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Coal is cool

  • 22 October 1994
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  • RICHARD COURTNEY BRITISH ASSOCIATION OF COLLIERY MANAGEMENT, GLOUCESTERSHIRE
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F.G. Grisley asks if it is true that coal-fired power stations emit five times more radioactivity than is allowed from nuclear power stations (Letters, 24 September). The answer is no.

Correctly operating nuclear power stations emit little radioactivity. But when they reach the end of their lives their radioactive cores remain. These radioactive remains must be released to the environment. Their disposal requires a choice of how best to emit it to the environment. Indeed, Nuclear Electric propose leaving their dead power stations encased in concrete for centuries: immense heaps of ugly nuclear waste.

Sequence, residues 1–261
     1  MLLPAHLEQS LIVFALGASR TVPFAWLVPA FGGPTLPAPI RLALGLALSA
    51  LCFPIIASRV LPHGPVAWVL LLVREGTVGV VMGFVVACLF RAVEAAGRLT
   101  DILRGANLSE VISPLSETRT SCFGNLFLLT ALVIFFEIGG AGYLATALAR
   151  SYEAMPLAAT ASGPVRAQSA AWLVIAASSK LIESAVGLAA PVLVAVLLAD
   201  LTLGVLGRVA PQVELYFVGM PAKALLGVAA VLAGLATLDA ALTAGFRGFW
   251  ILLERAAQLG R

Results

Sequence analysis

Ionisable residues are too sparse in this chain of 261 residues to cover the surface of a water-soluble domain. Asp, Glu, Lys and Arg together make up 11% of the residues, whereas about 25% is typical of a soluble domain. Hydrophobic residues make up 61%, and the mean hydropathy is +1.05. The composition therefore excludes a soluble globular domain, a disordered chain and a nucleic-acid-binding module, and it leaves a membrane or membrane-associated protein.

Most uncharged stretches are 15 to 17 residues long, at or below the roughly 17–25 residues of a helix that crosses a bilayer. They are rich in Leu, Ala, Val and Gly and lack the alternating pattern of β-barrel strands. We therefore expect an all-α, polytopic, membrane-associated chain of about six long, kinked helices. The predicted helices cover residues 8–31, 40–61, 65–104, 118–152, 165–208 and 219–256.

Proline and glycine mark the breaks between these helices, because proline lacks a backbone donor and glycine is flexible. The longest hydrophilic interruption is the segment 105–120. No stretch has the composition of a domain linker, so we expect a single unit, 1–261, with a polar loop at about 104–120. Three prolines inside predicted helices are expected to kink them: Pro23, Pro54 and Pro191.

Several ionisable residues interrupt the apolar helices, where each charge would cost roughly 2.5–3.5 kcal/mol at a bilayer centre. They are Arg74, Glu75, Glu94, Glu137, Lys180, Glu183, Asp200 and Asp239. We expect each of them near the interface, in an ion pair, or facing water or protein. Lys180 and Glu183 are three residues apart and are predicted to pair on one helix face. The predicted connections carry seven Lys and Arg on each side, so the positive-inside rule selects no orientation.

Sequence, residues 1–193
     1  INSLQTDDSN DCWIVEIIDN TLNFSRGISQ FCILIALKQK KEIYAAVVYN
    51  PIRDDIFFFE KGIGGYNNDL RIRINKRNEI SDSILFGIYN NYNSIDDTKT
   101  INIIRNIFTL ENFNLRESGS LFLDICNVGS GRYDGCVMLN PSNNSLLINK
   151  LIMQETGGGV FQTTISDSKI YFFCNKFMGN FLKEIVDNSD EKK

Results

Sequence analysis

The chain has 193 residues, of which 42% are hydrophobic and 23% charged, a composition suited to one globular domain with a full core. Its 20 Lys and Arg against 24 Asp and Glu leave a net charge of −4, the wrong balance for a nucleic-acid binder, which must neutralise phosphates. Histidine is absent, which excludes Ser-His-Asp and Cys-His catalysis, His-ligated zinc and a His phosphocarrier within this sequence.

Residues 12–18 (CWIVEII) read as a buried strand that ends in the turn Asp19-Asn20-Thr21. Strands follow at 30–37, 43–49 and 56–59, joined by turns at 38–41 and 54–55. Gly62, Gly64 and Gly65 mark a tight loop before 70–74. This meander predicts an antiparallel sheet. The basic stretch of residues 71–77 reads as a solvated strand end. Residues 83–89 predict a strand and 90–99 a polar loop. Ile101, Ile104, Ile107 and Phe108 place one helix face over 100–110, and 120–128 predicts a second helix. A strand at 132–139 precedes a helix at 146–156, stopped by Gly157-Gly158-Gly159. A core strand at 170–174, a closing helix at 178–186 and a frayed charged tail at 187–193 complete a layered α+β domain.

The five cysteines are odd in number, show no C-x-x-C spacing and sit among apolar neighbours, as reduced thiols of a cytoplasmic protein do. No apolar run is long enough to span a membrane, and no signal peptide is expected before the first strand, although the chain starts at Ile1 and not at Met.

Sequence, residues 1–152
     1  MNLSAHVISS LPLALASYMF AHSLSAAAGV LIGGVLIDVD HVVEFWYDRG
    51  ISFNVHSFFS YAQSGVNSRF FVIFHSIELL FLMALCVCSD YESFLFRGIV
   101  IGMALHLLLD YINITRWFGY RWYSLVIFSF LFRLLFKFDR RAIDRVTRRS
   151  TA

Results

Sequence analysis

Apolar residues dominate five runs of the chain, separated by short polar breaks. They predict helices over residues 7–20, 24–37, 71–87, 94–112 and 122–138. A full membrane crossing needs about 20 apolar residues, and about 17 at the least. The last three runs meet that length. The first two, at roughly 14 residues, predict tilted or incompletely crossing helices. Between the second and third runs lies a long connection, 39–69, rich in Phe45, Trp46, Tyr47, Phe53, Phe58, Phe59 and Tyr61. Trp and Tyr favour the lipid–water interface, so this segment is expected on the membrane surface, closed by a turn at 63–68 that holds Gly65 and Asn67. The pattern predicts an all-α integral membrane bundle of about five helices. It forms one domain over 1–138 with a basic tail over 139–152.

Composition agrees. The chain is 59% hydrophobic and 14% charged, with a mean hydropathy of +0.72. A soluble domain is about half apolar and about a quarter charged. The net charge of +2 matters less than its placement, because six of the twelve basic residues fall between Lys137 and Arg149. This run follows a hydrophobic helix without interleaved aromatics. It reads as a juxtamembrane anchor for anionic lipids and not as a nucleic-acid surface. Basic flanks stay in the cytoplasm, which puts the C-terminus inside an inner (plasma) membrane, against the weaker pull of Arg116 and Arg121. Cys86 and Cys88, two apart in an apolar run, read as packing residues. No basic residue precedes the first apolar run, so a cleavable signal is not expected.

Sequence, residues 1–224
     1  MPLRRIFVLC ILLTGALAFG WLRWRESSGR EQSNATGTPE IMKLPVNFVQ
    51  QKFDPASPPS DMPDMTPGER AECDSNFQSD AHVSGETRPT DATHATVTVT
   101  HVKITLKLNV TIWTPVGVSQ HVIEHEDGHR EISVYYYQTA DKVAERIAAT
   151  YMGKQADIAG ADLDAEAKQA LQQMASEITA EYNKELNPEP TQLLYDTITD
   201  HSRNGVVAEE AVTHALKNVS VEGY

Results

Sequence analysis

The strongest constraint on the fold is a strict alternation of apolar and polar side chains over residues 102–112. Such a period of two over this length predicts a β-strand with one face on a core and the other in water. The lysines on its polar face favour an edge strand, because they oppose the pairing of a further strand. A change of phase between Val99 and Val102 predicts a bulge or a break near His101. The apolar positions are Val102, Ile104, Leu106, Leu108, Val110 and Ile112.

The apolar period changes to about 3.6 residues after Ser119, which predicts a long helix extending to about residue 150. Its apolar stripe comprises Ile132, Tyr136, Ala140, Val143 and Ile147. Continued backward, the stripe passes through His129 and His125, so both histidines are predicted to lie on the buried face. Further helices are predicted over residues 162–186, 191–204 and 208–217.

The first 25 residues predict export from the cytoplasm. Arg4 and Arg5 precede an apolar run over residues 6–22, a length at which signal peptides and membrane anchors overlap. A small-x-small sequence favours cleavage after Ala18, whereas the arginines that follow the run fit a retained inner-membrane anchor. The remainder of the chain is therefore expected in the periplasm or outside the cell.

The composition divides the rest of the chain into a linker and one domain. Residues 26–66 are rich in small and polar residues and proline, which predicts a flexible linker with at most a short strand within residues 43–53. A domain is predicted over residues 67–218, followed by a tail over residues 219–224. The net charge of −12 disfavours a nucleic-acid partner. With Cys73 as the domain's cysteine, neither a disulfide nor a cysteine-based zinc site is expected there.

The radioactive remains of a used nuclear power station is orders of magnitude more than the natural radioactivity in all the coal used during the life of any coal-fired power station.

The nuclear power industry spread many lies during the 1960s and 1970s. F. G. Grisley's question relates to one of these lies. Fortunately, the nuclear power industry tends to be more honest today.

From issue 1948 of New Scientist magazine, 22 October 1994, page 54
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